Students and Faculty Come Together for Summer Research

April 11, 2008

When college students think about summer, they might envision lazy days spent on the beach or quiet time relaxing at home. Many Rollins College students, however, give up their summer vacations to take part in Rollins Student-Faculty Summer Scholarship Program. The program annually features a variety of in-depth research projects that are typically only available at the graduate level.

Joseph Bromfield and Jennifer Cavenaugh
As part of the Student-Faculty Collaborative Research Program, Rollins student Joseph Bromfield (left) and Jennifer Cavenaugh, who holds the Winifred M. Warden Endowed Chair of Theatre Arts and Dance, studied letters from actress Annie Russell. Their collaboration will continue into the summer of 2008. 

Every summer, students and faculty members take part in the Student-Faculty Collaborative Research Program. The Summer of 2008 had 22 students and 15 faculty members collaborate on 18 different research projects in anthropology, art, biology, chemistry, computer science, philosophy, physics, political science, psychology, religion and theater. Summer projects include research on post-traumatic stress in children and oil dependence and energy policy in Saudi Arabia and the United Arab Emirates.

In the summer of 2007, 43 students and 20 faculty members participated in the program, which is open to all Rollins students who wish to perform collaborative research with faculty. Students and faculty members work together to develop a proposal for a unique research project in the faculty member’s field. A faculty committee reviews the proposals, and funding is awarded to as many projects a possible.

The program offers students the opportunity to participate in high-level scholarly research -- research that is typically only available at the graduate-school level. Once the projects are selected, the only requirement is that the research meets internationally recognized and accepted scholarly standards. This usually means getting published in a peer-reviewed scholarly journal. However, not all fields require a paper. The program welcomes creativity, and students in all majors, including theatre and art, can participate. Their research can culminate in a performance of their play or display of their artwork.

Professor of Physics Thomas Moore leads the program. “What makes our program different from other similar programs is the goal of a high level of academic scholarship from the faculty themselves,” Moore said. “This is a collaborative project between the student and the faculty, not just a student project or an assistantship to a faculty member’s own research.”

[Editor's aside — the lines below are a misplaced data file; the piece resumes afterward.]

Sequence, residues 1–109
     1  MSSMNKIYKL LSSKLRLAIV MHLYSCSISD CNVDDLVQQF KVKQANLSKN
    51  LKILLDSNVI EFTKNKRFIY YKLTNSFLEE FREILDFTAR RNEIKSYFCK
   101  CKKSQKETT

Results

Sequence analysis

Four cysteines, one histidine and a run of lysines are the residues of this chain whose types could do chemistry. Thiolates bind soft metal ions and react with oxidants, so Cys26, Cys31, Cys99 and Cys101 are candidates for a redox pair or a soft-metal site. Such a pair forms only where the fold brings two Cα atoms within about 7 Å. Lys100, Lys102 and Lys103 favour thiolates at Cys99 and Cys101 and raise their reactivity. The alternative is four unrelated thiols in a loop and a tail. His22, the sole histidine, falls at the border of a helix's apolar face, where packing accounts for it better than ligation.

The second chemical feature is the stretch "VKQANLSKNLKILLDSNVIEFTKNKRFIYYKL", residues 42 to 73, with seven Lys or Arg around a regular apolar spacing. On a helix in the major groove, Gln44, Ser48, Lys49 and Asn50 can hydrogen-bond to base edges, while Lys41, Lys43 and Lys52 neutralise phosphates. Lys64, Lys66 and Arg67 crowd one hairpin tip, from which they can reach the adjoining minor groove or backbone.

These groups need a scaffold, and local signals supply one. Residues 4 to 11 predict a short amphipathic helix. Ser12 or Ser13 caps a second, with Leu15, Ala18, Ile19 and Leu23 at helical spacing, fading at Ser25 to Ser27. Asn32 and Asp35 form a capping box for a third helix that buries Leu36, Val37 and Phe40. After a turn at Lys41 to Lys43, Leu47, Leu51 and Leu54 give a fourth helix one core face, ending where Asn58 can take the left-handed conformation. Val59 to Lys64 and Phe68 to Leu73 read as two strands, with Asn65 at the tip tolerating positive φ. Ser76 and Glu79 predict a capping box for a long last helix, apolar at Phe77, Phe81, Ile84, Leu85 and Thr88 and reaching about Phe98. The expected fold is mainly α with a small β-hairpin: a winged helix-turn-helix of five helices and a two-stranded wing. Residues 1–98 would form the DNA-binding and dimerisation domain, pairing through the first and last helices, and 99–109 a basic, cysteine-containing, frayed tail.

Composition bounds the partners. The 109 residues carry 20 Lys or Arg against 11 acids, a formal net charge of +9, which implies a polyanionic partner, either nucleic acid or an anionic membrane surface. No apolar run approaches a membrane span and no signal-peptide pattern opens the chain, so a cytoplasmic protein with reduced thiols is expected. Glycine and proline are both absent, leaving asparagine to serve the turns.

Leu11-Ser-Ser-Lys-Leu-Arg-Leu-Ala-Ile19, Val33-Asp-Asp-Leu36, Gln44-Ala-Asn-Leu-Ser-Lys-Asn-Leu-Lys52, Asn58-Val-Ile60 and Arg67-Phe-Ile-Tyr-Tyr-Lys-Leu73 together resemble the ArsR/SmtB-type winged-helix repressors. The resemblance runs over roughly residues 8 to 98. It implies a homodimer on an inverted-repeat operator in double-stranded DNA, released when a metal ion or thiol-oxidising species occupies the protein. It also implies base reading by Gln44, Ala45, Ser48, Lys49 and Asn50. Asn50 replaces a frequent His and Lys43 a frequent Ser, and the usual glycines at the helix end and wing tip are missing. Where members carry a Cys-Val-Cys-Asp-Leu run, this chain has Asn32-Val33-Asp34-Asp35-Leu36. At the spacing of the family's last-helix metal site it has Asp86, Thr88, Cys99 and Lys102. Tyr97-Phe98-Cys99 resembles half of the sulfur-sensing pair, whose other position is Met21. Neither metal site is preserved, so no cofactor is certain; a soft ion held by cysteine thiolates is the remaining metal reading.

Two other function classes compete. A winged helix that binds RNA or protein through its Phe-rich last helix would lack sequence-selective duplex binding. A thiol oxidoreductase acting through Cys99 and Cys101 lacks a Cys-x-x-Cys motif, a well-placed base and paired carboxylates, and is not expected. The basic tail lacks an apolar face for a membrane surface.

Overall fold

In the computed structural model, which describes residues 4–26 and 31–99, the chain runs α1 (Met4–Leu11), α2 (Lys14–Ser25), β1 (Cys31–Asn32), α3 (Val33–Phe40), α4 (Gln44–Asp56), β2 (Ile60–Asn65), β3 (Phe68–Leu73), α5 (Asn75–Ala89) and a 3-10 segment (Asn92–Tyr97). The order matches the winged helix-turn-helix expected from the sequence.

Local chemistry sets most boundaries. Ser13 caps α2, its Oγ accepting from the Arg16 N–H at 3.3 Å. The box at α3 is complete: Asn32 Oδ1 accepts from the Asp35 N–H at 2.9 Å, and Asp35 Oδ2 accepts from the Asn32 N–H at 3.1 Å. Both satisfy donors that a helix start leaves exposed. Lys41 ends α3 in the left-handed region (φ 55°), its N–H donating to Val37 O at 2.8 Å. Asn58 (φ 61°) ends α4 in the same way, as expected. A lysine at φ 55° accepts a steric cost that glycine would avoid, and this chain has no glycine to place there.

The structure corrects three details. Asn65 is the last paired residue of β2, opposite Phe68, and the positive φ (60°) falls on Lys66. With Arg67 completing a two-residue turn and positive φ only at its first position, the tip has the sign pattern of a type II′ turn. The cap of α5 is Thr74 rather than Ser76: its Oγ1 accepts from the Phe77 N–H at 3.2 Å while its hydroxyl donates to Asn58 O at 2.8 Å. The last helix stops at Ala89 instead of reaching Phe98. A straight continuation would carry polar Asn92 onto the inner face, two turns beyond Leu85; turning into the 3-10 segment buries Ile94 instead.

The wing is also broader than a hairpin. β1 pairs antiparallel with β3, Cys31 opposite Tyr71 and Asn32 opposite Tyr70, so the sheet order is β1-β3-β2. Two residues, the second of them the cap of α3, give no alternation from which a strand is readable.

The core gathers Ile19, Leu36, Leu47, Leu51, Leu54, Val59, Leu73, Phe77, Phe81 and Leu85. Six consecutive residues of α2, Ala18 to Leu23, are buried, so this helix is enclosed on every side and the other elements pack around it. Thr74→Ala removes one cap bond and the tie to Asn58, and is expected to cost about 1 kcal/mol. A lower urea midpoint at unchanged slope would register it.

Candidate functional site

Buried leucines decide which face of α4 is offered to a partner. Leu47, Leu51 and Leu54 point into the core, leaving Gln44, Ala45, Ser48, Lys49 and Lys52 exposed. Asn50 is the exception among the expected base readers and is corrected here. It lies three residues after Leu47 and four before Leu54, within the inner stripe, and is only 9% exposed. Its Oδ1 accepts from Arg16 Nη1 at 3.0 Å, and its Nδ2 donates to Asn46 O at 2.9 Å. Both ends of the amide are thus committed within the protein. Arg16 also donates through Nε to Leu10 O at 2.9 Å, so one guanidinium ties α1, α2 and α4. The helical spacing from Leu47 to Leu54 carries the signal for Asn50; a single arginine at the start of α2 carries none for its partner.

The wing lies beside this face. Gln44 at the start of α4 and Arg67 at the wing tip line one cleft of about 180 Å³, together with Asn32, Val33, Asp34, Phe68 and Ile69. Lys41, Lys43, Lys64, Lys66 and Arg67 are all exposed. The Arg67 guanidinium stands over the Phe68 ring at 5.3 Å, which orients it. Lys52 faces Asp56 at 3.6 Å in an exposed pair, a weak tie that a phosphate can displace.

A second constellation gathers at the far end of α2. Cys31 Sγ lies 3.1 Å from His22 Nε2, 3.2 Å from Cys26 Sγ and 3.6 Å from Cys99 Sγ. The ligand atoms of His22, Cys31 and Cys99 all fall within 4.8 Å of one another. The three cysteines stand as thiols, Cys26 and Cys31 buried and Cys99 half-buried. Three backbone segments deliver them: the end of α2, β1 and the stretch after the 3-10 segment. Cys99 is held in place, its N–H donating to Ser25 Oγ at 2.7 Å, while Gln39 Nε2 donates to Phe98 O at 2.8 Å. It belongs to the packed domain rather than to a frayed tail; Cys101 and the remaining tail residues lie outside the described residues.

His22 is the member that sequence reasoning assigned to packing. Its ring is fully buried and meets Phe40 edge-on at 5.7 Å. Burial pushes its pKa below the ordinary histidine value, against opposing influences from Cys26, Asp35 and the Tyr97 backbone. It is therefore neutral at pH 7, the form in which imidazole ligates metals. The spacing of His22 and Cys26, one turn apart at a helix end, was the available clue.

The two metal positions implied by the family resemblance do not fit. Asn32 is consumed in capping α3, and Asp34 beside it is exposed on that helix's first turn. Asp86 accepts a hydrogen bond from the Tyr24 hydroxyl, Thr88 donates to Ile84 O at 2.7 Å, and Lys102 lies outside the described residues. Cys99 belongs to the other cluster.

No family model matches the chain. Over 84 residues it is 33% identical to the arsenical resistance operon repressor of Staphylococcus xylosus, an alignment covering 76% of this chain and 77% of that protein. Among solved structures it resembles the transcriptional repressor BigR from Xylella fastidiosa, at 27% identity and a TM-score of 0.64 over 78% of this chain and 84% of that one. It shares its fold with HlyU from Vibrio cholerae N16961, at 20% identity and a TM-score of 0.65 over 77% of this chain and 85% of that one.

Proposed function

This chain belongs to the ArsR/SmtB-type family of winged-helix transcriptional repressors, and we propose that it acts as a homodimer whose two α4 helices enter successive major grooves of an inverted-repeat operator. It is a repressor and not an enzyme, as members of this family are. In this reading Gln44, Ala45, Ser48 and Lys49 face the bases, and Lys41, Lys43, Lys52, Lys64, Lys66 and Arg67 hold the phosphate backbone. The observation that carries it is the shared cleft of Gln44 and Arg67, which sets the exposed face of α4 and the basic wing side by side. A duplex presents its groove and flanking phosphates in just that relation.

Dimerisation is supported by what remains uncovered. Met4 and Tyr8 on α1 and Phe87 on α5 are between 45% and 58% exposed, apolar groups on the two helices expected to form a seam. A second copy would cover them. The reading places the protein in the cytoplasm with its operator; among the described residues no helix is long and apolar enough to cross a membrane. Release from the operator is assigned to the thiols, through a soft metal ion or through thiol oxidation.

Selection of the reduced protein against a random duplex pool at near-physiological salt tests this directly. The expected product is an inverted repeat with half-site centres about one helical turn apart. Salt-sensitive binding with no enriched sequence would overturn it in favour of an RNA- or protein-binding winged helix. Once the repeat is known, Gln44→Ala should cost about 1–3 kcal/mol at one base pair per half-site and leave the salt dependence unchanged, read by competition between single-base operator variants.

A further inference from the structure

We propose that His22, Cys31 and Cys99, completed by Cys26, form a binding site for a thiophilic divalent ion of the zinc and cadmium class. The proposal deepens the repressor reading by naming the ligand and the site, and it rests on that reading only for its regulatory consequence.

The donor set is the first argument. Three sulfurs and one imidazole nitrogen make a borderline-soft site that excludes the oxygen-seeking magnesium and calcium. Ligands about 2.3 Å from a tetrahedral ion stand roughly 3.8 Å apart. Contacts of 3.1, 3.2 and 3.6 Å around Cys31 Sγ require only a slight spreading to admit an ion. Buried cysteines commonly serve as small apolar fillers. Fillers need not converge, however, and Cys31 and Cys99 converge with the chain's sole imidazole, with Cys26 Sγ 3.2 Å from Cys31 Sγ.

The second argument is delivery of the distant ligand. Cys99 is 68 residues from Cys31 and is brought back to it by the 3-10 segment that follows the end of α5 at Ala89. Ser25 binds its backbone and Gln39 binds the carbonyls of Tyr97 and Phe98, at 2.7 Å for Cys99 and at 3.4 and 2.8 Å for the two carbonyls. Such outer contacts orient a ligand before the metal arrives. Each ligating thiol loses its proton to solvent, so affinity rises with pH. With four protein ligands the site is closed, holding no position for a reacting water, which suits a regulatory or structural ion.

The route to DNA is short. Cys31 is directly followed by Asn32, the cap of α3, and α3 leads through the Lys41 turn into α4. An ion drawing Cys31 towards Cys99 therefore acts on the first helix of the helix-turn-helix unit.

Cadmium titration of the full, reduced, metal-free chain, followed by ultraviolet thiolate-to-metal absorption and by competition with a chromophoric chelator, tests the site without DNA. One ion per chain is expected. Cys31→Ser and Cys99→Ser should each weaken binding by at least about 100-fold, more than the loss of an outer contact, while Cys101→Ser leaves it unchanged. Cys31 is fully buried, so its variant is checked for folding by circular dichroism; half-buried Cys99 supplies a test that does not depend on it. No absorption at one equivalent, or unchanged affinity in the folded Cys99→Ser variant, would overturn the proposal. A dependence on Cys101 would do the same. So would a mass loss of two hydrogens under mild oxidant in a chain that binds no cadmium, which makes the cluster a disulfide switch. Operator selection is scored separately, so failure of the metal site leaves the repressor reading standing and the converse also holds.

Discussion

One of the goals of the Program is to allow students to do projects that capture their interests and inspire their desire to learn. Projects conducted last summer ranged across various academic fields and included a community mural project by studio art majors, research on letters from actress Annie Russell, an improvised play put on by theatre students and research conducted on the International Criminal Court by Michelle Tanyhill, a philosophy and psychology major, and Assistant Professor of Philosophy Eric Smaw.

Another unique aspect of the program is that many of the researchers travel to conferences around the U.S. and the world to present their research. If they are accepted to present in a professional section, they receive funding for their travel. Smaw and Tanyhill traveled to Peru in June to present their research on “The International Criminal Court as a venue for prosecuting all forms of discrimination of women as a crime against humanity.”

While some may think doing research over the summer is no day at the beach, students and faculty at Rollins relish the opportunity to learn from each other and the community. Erica Tibbetts, a studio art and English double major, was one of the three students working on the community mural project with Professor of Arts Rachel Simmons. Their project was about more than work. “We love art, and we got to share our art with other people who will be able to enjoy it for a long time to come,” Tibbetts said.

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